(Editor’s note: This story originally appeared in HWT’s sister publication, Commercial Carrier Journal.)
Industry stakeholders wasted little time in reacting to the U.S. Environmental Protection Agency (EPA) and U.S. Department of Transportation’s National Highway Traffic Safety Administration (NHTSA) new emissions and fuel economy standards for medium- and heavy-duty vehicles Tuesday.
Daimler Trucks North America (DTNA) endorsed the mandate, which calls for a phased-in reduction of up to 25 percent in greenhouse gas (GHG) emissions from tractors and vocational vehicles – of which up to a five percent improvement must come from the engine.
DTNA said it was pleased that the EPA and NHTSA chose a non-disruptive implementation of the standard, which will allow the industry to phase-in technical changes over a decade and mitigates cost of acquisition pressures on customers.
“DTNA supports regulations which reduce GHG emissions as well as diesel consumption,” says Martin Daum, DTNA president and CEO. “As we have stated through the collaborative debate on the Phase Two rule, the final rule needed to provide clear, long-term targets for the entire vehicle, not just the engine. It also needed to provide enough time and flexibility for the OEMs and customers to decide themselves how to achieve the reductions in a way that is economically feasible.”
Daum says accomplishing up to 25 percent in reductions over the next 10 years will require the focused efforts from all of the company’s engineers.
“We are confident that we are up to the challenge, and know that we can have a significant impact on reducing GHG emissions and fuel consumption,” says Sean Waters, DTNA director of compliance and regulatory affairs.
Srikanth Padmanabhan, president of Cummins’ engine business, also expressed his company’s readiness to provide fuel savings and environmental benefits while complying with the mandate.
“With nearly 100 years of engine expertise, we are well-positioned to develop products that comply with this new rule and meet our customers’ needs,” he says. “We are pleased that the rule builds on the Phase 1 regulatory framework that recognizes the diversity and complexity of the commercial vehicle sector, and we look forward to continued collaboration with the agencies and our customers to ensure a successful implementation.”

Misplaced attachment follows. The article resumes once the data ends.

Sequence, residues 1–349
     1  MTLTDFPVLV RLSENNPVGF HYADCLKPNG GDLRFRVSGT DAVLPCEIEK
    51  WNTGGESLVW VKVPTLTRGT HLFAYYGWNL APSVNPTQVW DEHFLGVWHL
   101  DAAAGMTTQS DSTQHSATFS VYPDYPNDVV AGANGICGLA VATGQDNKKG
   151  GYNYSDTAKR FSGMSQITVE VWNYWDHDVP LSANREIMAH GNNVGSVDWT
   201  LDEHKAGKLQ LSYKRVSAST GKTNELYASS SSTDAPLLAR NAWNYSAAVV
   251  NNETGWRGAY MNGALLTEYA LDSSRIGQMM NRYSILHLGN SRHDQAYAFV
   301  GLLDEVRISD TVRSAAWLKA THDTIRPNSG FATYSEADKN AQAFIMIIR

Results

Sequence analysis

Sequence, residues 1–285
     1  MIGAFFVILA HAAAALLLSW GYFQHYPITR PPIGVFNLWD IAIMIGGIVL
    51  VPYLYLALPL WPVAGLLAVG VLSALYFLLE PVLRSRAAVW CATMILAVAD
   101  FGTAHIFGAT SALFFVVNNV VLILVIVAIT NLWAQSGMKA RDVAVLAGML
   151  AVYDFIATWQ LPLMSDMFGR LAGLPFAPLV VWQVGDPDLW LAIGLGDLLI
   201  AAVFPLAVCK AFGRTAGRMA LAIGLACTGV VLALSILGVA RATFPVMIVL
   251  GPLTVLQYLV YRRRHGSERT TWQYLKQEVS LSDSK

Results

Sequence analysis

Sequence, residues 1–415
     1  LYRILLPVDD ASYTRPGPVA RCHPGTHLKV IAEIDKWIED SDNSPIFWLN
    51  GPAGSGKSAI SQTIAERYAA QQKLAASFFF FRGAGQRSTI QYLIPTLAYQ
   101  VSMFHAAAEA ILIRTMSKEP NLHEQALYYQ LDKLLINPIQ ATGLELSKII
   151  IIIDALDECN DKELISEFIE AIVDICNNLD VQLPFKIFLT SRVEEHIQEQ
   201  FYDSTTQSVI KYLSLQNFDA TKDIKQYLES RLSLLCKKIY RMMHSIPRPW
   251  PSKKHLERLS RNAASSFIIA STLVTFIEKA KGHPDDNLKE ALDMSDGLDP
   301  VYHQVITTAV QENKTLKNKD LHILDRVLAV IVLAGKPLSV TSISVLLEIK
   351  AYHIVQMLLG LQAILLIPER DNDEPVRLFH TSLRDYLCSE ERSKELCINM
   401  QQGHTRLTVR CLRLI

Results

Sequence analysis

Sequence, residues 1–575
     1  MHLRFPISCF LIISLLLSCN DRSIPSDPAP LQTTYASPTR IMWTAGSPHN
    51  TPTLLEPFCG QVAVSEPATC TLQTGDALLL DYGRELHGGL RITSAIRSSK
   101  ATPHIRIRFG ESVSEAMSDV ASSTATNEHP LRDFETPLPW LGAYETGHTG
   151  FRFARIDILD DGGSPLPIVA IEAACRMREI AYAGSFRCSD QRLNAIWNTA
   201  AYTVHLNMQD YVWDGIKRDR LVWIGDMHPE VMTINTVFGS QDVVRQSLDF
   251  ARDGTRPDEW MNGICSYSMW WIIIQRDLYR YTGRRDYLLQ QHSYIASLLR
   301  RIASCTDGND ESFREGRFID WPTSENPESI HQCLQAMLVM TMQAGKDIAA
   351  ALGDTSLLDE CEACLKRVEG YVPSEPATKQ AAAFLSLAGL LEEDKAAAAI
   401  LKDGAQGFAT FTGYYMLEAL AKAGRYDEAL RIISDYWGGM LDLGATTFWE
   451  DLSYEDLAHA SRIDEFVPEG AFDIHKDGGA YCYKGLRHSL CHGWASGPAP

Rich Freeland, Cummins president and COO, says the company is ready to tackle complex climate and energy challenges, and is confident they have the engine technologies necessary “to meet or exceed improvements required by the Phase 2 engine standards.”
Siddiq Khan, senior researcher for American Council for an Energy-Efficient Economy (ACEEE), also lauded the rule’s passing, adding Phase 2 standards will deliver major savings at the pump to truck owners and will reduce the cost of freight movement nationwide.
“With these fuel savings, most truckers will recover the incremental cost of the more efficient trucks in less than two years,” he adds. “The standards also provide long-term certainty for manufacturers investing in clean engine and vehicle technologies. The Phase 2 program will strengthen the market for truck efficiency technologies, helping to ensure that the United States remains a world leader in this area.”
The American Trucking Association (ATA) said it was “cautiously optimistic” that the second round of the Obama administration’s GHG and fuel economy standards for commercial trucks would achieve the targets set out by the administration.
“While efficiency milestones for vehicles, engines and trailers have all been slightly increased over the agencies’ initial proposal, we are encouraged that they addressed several important issues in the final rule including undertaking annual rule assessments, not accelerating compliance timelines from those originally proposed and refining emissions modeling based on industry data,” says ATA Vice President and Energy and Environmental Counsel Glen Kedzie. “However, while the potential for real cost savings and environmental benefits under this rule are there – fleets will ultimately determine the success or failure of this rule based on their comfort level purchasing these new technologies.”
Truck Rental and Leasing Association (TRALA) president and CEO Jake Jacoby says his organization remains concerned about stricter standards being placed on truck manufacturers, but is pleased that the EPA and NHTSA granted the agency’s request to have the final implementation year of Phase 2 remain in 2027 versus 2024, which had been considered.
“TRALA also is pleased that there TRALA also is pleased that there appears to be harmonization of standards and some additional flexibility for the OEMs to reach these targets.”